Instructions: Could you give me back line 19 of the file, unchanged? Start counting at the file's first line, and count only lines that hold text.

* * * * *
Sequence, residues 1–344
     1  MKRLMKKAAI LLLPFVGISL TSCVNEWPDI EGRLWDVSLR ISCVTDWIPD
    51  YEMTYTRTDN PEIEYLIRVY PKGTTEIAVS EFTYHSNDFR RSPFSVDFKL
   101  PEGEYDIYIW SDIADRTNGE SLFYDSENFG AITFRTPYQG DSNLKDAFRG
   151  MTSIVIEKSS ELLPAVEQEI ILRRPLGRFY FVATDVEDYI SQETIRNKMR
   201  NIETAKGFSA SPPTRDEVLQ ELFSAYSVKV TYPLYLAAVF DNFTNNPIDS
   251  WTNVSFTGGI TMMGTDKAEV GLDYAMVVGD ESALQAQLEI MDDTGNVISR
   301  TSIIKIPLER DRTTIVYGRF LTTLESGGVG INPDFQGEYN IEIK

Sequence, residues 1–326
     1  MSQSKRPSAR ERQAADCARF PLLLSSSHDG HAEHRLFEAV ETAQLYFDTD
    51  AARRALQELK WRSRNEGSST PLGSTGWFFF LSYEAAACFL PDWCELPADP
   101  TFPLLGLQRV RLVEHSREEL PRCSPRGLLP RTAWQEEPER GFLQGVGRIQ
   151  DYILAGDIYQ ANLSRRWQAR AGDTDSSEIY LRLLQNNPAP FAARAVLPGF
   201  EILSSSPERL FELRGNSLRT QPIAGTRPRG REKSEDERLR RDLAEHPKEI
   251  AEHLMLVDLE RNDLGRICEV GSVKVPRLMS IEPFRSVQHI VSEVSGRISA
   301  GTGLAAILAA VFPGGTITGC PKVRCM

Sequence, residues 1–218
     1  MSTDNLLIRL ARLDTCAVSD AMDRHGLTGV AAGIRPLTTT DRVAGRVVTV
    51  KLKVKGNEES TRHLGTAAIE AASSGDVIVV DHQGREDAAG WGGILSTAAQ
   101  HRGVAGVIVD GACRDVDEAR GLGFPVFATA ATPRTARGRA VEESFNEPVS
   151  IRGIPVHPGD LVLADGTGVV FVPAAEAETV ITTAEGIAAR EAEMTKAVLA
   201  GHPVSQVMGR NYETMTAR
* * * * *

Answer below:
    51  KLKVKGNEES TRHLGTAAIE AASSGDVIVV DHQGREDAAG WGGILSTAAQ